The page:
If you're thinking about hosting friends at home, preparing easy and delicious snacks is a no-brainer, especially when the bite in question is deep-fried mushrooms. They're particularly ideal for vegetarians or vegans, and go well with multiple sauces and condiments, making them the perfect bite-sized munch to eat while watching a film or sports game during a get-together with family or friends. They're also totally safe to deep fry whole (as long as you take some precautions).
Shiitake and even portobello mushrooms can be fried whole, but cremini, button, and enoki mushrooms are some of the best varieties to use since they're small and will create the perfect bite. When using whole mushrooms, one way to do it safely is to make sure that they're properly cleaned. The best way to wash mushrooms before cooking them is either by soaking them in cool water for a few minutes or wiping them clean. It's important to make sure that they're dry before starting the preparation process, and you can do that by using a salad spinner or simply patting them dry with a paper towel. Don't forget to cut the ends of the mushrooms (the hard part in the bottom). Once that's done and they're all clean, you should be in the clear to deep fry them whole.
Safely Deep-Frying The Crispiest Whole Mushrooms
One of the most common ways to prepare deep-fried mushrooms is by battering and breading them before they hit the hot oil. Any batter recipe will work (even one for fried pickle or fish and chips), which usually consists of ingredients like all-purpose flour, baking soda or powder, and vinegar — some even add beer. You can add herbs and spices to both the batter and mushrooms as you like; beyond salt and pepper, consider elevating whole fungi with chili powder, garlic powder, and onion powder.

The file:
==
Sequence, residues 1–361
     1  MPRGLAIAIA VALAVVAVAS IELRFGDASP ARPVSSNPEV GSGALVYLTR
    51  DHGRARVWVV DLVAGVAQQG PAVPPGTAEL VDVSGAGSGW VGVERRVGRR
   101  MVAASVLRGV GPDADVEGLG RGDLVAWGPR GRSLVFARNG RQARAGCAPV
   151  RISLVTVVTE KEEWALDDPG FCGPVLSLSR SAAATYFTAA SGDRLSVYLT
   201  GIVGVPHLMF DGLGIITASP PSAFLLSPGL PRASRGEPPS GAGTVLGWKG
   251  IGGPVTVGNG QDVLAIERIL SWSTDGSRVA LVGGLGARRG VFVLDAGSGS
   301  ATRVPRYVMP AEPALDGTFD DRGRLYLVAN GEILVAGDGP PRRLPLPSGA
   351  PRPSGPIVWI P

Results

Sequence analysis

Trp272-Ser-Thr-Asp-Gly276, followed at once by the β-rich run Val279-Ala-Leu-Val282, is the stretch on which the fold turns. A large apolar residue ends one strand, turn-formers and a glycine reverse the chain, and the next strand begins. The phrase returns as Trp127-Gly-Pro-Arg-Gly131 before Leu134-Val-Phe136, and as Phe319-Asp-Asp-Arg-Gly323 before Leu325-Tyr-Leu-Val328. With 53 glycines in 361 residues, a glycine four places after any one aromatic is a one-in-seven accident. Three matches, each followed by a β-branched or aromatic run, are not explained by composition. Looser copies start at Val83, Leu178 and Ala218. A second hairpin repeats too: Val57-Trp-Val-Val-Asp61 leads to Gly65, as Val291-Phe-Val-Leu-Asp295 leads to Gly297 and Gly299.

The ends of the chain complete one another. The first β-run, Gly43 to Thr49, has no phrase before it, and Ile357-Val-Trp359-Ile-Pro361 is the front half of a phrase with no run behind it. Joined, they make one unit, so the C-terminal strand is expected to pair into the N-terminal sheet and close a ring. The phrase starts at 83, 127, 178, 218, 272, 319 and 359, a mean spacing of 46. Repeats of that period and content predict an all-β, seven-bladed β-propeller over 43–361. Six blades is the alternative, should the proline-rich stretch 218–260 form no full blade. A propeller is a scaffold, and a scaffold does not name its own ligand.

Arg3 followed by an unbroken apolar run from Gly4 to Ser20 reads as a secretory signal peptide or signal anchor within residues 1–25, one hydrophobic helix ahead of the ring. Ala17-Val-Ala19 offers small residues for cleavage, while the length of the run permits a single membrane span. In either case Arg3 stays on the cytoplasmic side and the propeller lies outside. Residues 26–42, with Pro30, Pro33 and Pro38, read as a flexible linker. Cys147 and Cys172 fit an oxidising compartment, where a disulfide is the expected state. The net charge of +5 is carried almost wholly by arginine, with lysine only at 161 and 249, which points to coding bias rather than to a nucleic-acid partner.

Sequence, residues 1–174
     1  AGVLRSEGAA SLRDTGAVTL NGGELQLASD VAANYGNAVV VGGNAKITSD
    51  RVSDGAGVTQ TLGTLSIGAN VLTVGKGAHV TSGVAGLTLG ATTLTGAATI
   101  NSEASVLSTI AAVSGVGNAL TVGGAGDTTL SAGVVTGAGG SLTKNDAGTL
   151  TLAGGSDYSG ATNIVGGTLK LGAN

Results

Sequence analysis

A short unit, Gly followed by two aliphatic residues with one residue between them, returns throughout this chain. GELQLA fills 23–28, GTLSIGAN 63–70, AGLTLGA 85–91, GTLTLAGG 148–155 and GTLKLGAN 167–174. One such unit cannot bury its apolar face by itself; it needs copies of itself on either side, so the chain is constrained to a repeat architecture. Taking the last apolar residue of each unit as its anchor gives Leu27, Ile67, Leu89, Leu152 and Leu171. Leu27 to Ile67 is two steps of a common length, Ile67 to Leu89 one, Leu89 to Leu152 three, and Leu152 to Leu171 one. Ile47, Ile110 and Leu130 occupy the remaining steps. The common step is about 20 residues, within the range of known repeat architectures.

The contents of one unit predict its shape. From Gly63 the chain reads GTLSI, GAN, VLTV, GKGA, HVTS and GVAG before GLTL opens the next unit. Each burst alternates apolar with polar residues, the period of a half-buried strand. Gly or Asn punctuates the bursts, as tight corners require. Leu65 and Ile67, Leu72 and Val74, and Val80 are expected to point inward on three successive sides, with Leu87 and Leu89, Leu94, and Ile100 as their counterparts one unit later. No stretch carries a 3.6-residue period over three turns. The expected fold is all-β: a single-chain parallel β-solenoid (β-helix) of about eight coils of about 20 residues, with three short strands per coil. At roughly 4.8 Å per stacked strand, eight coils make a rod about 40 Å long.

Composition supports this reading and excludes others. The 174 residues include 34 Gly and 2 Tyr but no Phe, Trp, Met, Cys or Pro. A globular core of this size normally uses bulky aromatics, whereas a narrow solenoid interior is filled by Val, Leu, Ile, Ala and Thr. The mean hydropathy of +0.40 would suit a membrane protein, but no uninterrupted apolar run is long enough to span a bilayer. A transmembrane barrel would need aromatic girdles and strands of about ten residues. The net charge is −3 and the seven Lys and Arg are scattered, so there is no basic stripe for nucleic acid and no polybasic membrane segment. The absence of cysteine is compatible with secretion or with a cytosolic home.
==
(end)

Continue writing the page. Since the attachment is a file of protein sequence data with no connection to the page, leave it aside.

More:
Of course, battered and fried mushrooms are perfectly fine in a pinch, but if you want to kick things into high gear, a final coating of panko breadcrumbs is where it's at. The panko breadcrumbs will make sure that the deep-fried mushrooms stay crispy not only right after they've been cooked but for hours later.
It's also possible to prepare deep-fried whole mushrooms without coating them in batter at all. Just hit them with some flour and an egg wash before loading on the panko. They'll be crunchy and delicious.
No matter how they're coated, though, maintaining an even oil temperature is crucial to the dish's outcome. Not hot enough, and the mushrooms might turn out soft and greasy, too hot and they might burn (and you might start a fire). The ideal temperature is between 325 to 400 degrees Fahrenheit, which many cooks recommend monitoring with a meat thermometer in order to avoid any kitchen disasters.
What Condiments Can You Pair With Deep-Fried Mushrooms?
The great thing about deep-fried mushrooms is that they go well with many different sauces and condiments, from store-bought products like ketchup, mustard, barbecue sauce, and ranch, to more elaborate dips such as Mexico's peanutty salsa macha. Just let them cool down for at least a few minutes after they come out of the fryer before you start dunking.
This snack can be as simple or as fancy as you want, and it depends on who you're serving it to. Children? Definitely can't go wrong with a sweet-and-sour ketchup dip, or maybe even add a side of kewpie mayo, and if you can't decide between the two, why not try a mayo-ketchup mix like mayochup? If you're serving adults, you can definitely advise your guests to add hot sauce to the mushrooms, and that can be either Tabasco sauce, sriracha, or your pepper sauce of choice -- the more the merrier. Or if you'd like a gentler heat, you can even try pepper jelly. Due to subtle, versatile flavor of most mushrooms, this dish even tastes good with a variety of cheese dips, and other dairy-based sides like yogurt mint dip.
Read the original article on Daily Meal.